Your baby keeps tugging at their ear. They seem fussy and are crying more than usual. They stop breastfeeding, or turn away from the bottle or food.
If your infant could talk, they might be trying to say, “my ear hurts.”
Sooner or later, nearly every child gets an infection in their middle ear. By age 3, 5 out of 6 kids have had one. The infection, also called acute otitis media, is the most common reason for trips to the pediatrician and the top cause of ear pain in babies.
Sgins that your child’s ear might need attention include if they:
- Cry a lot and seem fretful
- Don’t sleep well
- Have a fever of 100 F (37.8 C) or higher
- Pull at one or both ears
- Leak fluid from the ear
- Have trouble with balance
- Show signs that their hearing isn’t as sharp as usual
Ear Pain Causes
Cold/upper respiratory infection. A cold triggers fluid build-up, causing swelling and pain in the ear.
Ear infection. If your child has a sore throat or another bacterial infection, the germs can reach the middle ear and set off an infection in there. Tissue around their eardrum can redden and swell. Fluid can build up.
Eustachian tube dysfunction. This tube between your child’s throat and middle ear is much smaller and less angled than yours. It can make it harder for fluid to drain. If the tube swells or gets clogged with mucus, the resulting pressure buildup can trigger ear pain. This can often happen with colds and other viral infections.
Other Possible Reasons
Less common causes of baby ear pain include:
An outer ear infection, aka swimmer’s ear, which can happen if the ear canal gets scratched and becomes infected. You’ll usually need prescription antibiotic drops.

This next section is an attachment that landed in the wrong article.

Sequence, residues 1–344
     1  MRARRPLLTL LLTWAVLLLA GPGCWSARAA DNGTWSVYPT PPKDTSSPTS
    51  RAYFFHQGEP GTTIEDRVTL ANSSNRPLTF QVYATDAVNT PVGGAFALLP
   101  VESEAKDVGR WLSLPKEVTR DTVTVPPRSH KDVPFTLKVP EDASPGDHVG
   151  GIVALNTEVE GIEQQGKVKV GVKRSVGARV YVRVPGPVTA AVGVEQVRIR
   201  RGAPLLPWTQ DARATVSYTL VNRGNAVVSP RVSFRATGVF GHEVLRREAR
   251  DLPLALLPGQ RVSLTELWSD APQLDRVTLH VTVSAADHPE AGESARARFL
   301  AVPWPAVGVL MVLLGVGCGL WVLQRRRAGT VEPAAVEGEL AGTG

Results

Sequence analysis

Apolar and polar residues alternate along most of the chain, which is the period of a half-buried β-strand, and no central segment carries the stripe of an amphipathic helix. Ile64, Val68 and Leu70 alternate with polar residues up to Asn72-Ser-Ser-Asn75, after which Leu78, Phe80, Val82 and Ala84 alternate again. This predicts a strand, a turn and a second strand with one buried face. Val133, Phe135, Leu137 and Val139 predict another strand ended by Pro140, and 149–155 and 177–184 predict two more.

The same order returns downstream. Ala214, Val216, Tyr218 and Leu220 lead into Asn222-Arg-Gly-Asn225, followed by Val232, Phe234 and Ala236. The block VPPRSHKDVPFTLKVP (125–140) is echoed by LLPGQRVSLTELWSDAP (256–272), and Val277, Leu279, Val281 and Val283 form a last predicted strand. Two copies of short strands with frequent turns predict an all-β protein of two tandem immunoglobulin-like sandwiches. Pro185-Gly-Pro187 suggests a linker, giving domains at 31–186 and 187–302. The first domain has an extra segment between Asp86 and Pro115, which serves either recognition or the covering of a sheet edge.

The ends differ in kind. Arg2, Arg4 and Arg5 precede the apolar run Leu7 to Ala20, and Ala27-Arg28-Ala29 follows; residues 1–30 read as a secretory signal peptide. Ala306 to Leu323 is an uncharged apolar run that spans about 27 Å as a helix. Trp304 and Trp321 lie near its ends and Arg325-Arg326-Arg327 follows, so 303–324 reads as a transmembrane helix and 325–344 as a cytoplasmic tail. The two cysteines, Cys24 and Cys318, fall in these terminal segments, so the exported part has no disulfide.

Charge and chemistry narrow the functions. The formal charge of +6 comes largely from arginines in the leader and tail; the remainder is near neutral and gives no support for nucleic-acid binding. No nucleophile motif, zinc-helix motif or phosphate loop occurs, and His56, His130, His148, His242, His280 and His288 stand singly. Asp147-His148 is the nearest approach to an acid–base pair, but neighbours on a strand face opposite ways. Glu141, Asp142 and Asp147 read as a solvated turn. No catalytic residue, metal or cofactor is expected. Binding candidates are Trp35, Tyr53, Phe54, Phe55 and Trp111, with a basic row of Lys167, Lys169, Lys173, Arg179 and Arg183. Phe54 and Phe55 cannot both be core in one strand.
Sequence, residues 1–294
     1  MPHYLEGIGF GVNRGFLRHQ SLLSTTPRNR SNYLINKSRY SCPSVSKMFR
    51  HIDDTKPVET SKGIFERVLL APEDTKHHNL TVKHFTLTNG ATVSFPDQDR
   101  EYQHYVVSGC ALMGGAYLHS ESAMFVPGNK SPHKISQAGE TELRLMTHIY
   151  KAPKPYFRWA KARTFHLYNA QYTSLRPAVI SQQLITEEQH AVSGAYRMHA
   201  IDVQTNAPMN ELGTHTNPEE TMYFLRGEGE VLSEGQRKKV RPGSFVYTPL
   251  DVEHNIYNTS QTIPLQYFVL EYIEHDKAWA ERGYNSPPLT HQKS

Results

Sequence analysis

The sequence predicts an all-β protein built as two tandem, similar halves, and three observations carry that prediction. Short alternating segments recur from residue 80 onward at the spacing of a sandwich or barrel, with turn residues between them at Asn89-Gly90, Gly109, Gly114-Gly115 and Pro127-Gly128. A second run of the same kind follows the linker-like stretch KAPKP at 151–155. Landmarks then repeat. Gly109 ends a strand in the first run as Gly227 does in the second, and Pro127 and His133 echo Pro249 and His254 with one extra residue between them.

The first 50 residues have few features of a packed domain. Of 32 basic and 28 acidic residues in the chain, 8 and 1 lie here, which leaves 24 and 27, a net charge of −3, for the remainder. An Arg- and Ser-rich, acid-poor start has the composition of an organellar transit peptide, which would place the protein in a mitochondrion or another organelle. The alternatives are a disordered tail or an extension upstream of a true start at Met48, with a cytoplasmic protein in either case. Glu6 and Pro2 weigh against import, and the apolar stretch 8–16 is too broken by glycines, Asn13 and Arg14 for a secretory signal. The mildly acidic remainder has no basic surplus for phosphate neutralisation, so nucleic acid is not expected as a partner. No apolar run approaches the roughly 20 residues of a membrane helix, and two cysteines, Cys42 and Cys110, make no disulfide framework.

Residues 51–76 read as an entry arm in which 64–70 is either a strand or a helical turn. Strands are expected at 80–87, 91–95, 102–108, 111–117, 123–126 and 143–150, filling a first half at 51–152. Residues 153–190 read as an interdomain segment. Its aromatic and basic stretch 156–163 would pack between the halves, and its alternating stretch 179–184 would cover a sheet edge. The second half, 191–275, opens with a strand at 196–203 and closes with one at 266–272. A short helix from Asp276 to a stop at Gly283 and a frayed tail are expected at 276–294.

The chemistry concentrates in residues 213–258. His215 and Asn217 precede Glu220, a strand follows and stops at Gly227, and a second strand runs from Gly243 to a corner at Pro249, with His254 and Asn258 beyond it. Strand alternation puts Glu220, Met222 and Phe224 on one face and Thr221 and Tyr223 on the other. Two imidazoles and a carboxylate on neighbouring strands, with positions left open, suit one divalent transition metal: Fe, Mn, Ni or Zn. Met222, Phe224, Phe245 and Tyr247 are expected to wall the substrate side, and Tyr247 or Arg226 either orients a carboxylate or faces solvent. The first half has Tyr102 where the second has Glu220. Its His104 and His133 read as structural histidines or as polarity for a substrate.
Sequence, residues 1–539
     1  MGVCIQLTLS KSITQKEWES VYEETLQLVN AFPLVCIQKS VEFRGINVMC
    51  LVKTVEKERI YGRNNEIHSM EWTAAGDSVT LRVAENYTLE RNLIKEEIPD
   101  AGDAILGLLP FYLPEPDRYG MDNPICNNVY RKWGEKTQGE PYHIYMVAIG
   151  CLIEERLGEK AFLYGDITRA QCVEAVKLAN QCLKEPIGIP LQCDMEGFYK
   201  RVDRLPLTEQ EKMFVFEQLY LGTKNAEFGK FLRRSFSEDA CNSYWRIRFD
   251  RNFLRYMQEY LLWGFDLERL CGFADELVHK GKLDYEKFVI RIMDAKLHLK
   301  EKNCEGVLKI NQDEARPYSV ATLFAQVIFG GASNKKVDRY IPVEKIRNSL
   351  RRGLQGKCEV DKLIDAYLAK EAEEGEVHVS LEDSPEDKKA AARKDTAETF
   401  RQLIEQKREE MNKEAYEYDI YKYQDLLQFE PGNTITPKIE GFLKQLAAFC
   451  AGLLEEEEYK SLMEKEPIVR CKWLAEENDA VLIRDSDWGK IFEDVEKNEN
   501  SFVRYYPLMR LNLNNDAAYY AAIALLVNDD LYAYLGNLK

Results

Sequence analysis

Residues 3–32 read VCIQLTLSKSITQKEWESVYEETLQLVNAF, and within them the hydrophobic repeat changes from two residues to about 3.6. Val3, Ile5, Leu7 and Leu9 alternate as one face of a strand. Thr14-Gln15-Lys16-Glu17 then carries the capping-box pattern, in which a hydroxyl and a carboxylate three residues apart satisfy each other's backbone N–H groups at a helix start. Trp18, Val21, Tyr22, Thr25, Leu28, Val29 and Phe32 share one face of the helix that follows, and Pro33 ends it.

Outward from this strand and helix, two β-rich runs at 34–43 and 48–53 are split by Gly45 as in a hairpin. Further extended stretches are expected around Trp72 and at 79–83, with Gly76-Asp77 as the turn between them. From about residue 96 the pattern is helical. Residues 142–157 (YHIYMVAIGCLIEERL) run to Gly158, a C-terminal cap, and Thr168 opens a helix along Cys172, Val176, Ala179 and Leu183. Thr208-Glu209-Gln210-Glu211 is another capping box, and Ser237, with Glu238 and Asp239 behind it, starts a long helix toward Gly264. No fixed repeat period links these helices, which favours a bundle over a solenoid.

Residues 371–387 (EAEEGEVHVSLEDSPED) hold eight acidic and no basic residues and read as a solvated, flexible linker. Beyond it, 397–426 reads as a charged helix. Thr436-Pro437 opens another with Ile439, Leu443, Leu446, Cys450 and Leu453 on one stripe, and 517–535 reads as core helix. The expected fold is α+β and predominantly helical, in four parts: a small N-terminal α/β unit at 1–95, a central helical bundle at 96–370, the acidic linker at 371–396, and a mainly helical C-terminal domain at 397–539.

Airplane ear. This common condition happens when big changes in cabin air pressure during takeoffs or landings trigger an earache. The best way to prevent or relieve it is to help your child drink or swallow something.
What You Can Do
Doctors aren’t as quick to prescribe antibiotics these days because ear infections often clear up on their own.
If your baby is older than 6 months, their doctor might choose to hold off for a couple of days to see if the symptoms pass. In the meantime, ask your pediatrician if it would help ease your child’s discomfort if you:
- Give them over-the-counter infant pain relievers.
- Use saline drops or spray to lower swelling and stuffiness from a cold. If the blocked ear drain doesn’t open up, your doctor may suggest putting in small ear tubes for a while.
- If your baby is prescribed antibiotics, finish all the medicine even if they get better. Otherwise, the infection can come back quickly.
When to Call the Doctor
Call your baby’s doctor if you think they might have an ear infection, and:
- They’re younger than 6 months.
- Symptoms don’t go away after 1-2 days.
- They have a fever.
- You can tell their ear pain is severe.
- Your baby stays restless and whiny after getting over a cold or chest infection.
- Fluid, pus, or bloody discharge comes out of the ear.
- Your baby is not eating or drinking enough.
National Institute on Deafness and Other Communication Disorders: “Ear Infections in Children.”
Mayo Clinic: “Ear Infection (Middle Ear),” “Airplane Ear.”
Johns Hopkins All Children’s Hospital: “Enlarged Adenoids.”
Cleveland Clinic: “Pediatric Ear Infections.”
American Academy of Family Physicians: “Eustachian Tube Dysfunction.”
C.S. Mott Children’s Hospital: “Ear Pain in Children.”
Paediatrics & Child Health: “Ear Infections.”
CDC: “Children and Influenza (Flu).”